These students are making a mummy movie. Anyone who reads this blog knows that I hold mummies in low regard as the lamest of monsters. They are sure to berate the actor portraying the mummy for running because dead people could not possible move that fast. A dig at Danny Boyle’s “28 Days Later,” even though Boyle has always protested that those in his film infected with “rage” were not actually zombies, and Zack Snyder’s remake of “Dawn of the Dead,” which definitely had some ludicrously speedy zombies. I find most of the other film student dialogue to be a bit hokey. They just seem too self aware and poked fun at other horror movie conventions, which was something already done in Wes Craven’s “Scream” eleven years earlier. One similarity to “The Blair Witch Project” is that their director absolutely refuses to put the camera down no matter how much it maddens the entire group.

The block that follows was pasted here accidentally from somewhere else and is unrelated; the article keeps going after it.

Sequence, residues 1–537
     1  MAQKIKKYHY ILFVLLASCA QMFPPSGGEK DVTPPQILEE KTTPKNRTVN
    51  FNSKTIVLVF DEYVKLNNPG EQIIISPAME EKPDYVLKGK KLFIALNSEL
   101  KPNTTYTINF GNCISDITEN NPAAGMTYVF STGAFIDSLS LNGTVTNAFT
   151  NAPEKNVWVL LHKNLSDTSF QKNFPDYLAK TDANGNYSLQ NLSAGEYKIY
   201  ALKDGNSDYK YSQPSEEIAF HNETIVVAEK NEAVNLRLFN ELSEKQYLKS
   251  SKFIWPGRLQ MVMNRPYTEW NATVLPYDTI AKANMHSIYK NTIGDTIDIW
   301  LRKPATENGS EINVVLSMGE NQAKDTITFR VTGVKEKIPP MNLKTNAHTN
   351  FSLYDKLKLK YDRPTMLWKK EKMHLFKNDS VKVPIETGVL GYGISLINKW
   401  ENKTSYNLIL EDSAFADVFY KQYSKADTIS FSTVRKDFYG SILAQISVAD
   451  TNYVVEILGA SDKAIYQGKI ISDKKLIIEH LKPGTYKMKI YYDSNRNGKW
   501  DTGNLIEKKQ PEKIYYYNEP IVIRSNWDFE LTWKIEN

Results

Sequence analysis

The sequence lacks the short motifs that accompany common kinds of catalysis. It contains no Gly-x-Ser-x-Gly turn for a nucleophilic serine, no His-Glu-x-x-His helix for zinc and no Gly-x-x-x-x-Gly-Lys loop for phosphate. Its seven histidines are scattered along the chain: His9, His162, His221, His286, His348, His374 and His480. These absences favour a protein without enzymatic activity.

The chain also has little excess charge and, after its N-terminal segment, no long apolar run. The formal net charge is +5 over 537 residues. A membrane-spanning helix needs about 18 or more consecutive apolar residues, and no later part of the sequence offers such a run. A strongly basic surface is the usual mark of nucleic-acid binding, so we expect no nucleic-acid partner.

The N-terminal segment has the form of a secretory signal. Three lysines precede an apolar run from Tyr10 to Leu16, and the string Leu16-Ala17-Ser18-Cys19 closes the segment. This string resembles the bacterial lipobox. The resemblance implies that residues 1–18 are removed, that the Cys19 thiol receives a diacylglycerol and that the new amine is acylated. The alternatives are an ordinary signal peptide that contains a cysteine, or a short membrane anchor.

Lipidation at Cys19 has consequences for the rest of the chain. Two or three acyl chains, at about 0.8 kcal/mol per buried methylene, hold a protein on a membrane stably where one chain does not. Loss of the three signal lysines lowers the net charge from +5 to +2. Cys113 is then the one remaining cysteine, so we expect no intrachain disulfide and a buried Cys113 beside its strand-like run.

After the shit hits the fan, they arrive at a hospital that seems to have been deserted too quickly. This is suppose to be “Night of the Living Dead,” the start of the epidemic, but this hospital seems to already be in “Dawn of the Dead” territory, the time after society has already broken down. Greg Nicotero makes a cameo here as a surgeon zombie, then a nurse zombie gets her eyeballs melted by a defibrillator. Cool. Again, the director was chastised for filming the carnage, a commentary on us becoming a society of voyeurs, but this message had already been stressed in earlier found footage flicks. What I found fascinating was their professor (Scott Wentworth) explaining how effortless it was for a person to pull the trigger when in wartime.